Mfebe said the attack resulted in the site “resembling a war zone and the project being halted because of property and plant being set alight and burnt down.

Mfebe said police arrived quickly on the scene but said there was nothing they could do as only the public order police from Paarl could handle the situation and it took them three hours to arrive while local police and contractors watched on as property was burnt to ashes.

Contractors, including female engineers and staff, had to run for their lives into the veld,” he said.

Mfebe was aghast that such an incident could take place in South Africa, which made the project site look like a war zone in Afghanistan or Iran, without any comment from the South African government.

He said this incident followed the termination by the Aveng and European-based Strabag International joint venture of the R1.5bn SA National Roads Agency (Sanral) Mtentu Bridge Project in the Eastern Cape due to site disruptions by armed gangs demanding to be part of the project.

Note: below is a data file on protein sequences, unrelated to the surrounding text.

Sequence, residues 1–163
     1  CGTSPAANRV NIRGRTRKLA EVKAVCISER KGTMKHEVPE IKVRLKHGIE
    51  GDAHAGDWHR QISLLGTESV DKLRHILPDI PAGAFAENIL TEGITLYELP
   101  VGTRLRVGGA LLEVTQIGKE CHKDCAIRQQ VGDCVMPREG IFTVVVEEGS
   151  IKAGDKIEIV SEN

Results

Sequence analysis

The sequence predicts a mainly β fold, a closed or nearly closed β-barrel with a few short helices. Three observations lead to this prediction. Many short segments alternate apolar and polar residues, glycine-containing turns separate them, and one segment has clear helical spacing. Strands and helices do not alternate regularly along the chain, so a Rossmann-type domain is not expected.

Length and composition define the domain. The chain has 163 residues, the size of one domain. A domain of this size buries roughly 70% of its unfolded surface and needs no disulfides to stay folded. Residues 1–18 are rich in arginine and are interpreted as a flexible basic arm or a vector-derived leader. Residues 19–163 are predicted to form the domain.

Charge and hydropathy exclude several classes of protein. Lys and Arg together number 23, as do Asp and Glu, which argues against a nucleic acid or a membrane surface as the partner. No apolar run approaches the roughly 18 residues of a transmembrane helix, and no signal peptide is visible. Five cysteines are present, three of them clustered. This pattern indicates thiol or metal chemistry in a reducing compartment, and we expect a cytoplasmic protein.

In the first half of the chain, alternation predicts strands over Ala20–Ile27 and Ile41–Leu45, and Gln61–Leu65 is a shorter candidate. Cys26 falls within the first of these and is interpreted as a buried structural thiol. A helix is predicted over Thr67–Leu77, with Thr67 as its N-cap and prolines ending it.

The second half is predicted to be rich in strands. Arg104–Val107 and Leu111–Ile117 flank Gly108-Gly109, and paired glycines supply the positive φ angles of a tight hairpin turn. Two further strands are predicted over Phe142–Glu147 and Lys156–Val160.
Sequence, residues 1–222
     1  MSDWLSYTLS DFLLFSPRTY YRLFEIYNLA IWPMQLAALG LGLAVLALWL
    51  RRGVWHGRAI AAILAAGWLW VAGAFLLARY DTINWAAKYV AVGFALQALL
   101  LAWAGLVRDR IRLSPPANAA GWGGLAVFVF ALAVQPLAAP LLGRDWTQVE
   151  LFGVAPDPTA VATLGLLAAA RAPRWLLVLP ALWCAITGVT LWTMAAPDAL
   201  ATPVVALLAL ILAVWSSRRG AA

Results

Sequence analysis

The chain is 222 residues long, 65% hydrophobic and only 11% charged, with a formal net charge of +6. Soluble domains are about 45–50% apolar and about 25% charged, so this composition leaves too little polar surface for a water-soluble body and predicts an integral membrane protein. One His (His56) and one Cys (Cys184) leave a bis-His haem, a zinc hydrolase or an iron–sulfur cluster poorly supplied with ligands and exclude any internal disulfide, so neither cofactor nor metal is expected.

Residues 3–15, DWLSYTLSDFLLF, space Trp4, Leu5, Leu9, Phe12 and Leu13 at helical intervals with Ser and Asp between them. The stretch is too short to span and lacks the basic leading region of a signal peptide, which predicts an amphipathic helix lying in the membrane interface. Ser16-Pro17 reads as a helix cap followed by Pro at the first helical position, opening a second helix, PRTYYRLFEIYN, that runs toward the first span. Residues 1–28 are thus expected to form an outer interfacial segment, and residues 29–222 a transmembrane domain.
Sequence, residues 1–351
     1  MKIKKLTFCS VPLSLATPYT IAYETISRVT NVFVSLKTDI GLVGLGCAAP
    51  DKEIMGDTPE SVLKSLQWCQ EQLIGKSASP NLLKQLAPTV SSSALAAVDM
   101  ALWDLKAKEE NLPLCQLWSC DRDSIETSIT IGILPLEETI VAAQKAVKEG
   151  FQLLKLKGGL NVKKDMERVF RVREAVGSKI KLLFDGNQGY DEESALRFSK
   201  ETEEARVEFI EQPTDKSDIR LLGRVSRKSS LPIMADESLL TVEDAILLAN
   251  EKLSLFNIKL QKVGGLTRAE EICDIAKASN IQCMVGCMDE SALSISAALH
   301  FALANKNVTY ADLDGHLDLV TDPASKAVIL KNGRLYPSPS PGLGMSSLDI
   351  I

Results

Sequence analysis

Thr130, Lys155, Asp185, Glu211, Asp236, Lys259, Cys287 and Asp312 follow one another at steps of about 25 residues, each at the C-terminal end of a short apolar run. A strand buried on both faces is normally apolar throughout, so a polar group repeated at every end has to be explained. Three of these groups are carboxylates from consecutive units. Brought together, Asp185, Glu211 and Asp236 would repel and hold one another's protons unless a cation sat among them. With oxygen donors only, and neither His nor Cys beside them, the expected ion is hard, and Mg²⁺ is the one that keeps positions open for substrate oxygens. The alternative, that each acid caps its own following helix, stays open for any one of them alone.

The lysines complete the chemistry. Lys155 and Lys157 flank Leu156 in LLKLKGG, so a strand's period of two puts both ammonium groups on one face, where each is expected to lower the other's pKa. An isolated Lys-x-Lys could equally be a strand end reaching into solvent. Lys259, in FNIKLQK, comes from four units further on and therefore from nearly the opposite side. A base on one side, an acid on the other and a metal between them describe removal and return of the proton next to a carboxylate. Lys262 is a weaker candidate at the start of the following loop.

Despite reporting it to the police and interdicts obtained, the disruptors were released after being arrested and continued disrupting the sites unabated with AK 47 rifles,” he said.

Mfebe also cited an incident that took place in KwaZulu-Natal in 2016 when the black owner of a construction company was accosted at gunpoint by the disruptors demanding a stake in the project he had been awarded.

When he refused, he was killed in cold blood. The KZN police are aware of the incident.

Despite the perpetrators being known to the police, to date no arrests have been made,” he said.

Mfebe said this incident was indicative of the fact that contractors of all sizes were adversely affected by “this gruesome phenomenon”.

He added that despite contractors being faced with this situation, which was beyond their control, and having laid charges at police stations and in most cases obtaining court interdicts against the disruptors, public sector client departments, such as Sanral, like “continue to mete out heavy penalties against contractors for standing time.